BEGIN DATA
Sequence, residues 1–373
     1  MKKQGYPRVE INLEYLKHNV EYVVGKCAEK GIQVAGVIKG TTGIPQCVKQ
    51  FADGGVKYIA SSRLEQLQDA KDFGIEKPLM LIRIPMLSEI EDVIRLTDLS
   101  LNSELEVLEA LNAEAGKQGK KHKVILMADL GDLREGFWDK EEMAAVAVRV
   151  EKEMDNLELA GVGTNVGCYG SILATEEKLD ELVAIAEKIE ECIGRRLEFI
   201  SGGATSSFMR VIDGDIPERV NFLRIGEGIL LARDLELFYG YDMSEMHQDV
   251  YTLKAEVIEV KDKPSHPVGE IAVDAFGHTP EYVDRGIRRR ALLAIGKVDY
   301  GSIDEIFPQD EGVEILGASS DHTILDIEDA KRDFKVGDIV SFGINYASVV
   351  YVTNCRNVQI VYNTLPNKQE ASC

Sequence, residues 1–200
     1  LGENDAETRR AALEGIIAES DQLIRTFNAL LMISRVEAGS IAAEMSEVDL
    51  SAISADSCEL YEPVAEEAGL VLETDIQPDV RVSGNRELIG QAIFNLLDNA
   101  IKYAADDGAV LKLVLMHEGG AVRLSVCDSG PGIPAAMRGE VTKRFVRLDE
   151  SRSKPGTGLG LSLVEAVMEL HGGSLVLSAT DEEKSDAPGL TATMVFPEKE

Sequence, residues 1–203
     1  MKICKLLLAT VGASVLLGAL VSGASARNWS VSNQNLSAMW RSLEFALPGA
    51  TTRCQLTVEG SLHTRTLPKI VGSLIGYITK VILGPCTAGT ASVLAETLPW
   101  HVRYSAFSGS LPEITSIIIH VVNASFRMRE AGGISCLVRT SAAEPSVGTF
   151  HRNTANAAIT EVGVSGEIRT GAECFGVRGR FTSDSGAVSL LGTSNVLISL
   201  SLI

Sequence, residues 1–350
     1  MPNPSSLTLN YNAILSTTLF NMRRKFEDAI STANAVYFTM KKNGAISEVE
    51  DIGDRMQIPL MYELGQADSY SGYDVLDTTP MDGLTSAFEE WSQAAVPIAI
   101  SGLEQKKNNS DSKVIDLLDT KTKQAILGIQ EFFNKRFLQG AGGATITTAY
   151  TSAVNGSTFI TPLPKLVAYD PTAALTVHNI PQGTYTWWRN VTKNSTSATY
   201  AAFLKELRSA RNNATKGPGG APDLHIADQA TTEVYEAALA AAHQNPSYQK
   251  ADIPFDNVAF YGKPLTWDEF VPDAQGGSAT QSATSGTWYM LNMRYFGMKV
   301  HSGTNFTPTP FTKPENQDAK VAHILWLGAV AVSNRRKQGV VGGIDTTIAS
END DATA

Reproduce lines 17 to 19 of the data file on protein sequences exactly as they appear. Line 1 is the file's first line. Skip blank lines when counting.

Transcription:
    51  TTRCQLTVEG SLHTRTLPKI VGSLIGYITK VILGPCTAGT ASVLAETLPW
   101  HVRYSAFSGS LPEITSIIIH VVNASFRMRE AGGISCLVRT SAAEPSVGTF
   151  HRNTANAAIT EVGVSGEIRT GAECFGVRGR FTSDSGAVSL LGTSNVLISL